This section is from the "Henley's Twentieth Century Formulas Recipes Processes" encyclopedia, by Norman W. Henley and others.
Heat the steel to a brown red and plunge into soft water, river water being the best. Care should be taken, however, not to heat over brown red, otherwise it will be hard when immersed. The steel will be soft enough to be cut with ease if it is plunged in the water as soon as it turns red.
First heat the steel lightly by means of charcoal until of a cherry-red shade, whereupon it is withdrawn to be put quickly into ashes or dry charcoal dust until completely cooled. The steel may also be heated in the forge to a red cherry color, then hammered until it turns blue and then plunged into water.
To accomplish the object quickly, a drill of cast steel should be made, the point gradually heated to the red, the scales taken off, and the extremity of the point immersed at once in quicksilver; then the whole quenched in cold water. Thus prepared, the drill is equal to any emergency; it will bore through the hardest pieces. The quantity of quicksilver needed is trifling.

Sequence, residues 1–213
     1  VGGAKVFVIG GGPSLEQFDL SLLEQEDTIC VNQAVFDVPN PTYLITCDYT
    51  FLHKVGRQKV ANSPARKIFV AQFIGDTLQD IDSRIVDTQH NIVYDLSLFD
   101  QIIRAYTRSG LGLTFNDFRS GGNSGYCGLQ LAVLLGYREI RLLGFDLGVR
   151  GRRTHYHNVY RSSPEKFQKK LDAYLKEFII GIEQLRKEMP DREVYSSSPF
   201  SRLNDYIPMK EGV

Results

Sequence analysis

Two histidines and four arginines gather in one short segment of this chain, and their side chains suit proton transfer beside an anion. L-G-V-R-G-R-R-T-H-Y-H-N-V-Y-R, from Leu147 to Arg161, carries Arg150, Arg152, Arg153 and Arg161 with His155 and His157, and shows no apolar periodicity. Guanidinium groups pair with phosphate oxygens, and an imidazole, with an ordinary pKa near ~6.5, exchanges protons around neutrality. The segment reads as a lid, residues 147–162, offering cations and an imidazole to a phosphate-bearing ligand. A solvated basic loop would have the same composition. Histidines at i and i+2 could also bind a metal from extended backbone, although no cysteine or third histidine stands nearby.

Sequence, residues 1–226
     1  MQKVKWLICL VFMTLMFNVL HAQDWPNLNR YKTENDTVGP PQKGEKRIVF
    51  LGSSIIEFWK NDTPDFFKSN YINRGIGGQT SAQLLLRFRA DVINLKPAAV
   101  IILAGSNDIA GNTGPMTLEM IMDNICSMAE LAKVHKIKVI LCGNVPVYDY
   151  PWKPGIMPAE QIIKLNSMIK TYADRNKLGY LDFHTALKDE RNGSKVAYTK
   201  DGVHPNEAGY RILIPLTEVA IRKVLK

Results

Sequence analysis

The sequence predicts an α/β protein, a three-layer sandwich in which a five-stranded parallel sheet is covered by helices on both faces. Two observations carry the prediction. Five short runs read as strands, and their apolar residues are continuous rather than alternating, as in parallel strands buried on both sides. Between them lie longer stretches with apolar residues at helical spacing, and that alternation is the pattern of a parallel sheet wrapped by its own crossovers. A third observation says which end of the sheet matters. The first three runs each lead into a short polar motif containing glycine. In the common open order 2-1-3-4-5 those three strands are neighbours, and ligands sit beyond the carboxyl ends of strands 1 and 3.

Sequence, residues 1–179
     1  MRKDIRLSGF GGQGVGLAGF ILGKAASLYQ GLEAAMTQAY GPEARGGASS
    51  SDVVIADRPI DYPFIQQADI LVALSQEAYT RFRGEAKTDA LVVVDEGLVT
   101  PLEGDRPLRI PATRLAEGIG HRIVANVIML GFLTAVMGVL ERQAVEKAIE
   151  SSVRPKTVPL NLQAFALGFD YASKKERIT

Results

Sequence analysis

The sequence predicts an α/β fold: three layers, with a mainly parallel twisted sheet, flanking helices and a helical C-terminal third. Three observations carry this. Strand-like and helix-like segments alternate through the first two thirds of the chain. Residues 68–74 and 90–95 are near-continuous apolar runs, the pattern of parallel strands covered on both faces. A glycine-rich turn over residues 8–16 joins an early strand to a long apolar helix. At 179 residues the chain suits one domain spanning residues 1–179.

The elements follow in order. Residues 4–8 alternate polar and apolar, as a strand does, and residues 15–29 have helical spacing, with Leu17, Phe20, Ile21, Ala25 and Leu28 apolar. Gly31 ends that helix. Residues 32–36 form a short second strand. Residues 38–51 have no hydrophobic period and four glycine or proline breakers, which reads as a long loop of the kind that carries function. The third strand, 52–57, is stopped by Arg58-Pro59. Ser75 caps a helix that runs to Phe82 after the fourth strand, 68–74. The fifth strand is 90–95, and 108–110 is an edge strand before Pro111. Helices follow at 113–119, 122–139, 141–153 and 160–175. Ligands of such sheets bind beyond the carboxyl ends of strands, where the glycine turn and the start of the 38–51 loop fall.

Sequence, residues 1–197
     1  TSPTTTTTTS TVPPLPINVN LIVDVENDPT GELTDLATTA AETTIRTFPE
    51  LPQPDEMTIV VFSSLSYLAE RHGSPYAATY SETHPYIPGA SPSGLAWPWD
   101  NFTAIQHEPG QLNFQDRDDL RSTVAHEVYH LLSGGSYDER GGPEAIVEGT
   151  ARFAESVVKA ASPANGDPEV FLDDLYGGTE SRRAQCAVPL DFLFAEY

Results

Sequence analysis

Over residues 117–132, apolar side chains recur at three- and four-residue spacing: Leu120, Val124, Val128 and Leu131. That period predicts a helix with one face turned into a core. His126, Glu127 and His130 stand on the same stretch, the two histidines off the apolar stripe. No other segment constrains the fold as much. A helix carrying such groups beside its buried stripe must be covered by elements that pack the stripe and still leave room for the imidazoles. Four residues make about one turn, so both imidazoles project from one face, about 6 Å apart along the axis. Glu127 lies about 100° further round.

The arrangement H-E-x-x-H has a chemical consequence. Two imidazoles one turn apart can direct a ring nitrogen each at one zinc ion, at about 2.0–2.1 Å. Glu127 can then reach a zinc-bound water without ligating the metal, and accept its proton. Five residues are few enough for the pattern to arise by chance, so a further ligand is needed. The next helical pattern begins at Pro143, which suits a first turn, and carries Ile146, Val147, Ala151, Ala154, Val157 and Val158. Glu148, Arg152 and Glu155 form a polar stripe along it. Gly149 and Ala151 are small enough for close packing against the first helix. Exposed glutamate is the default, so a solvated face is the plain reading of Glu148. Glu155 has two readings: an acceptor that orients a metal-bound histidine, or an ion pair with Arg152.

Dissolve in 150 parts of vinegar, sulphate of copper, 30 parts; alum, 8 parts; kitchen salt, 11 parts. Add a few drops of nitric acid. According to whether this liquid is allowed to act a longer or shorter time, the steel may be engraved upon deeply or the surface may be given a very ornamental, frosted appearance.
Take a very clean file and file over the flame of an alcohol lamp. If the filed piece is made of steel, little burning and crackling sparks will be seen. If it consists of iron, the sparks will not crackle.
STEEL, OXIDIZED: See Plating.
STEEL PLATING: See Plating.
See Cleaning Preparations and Methods.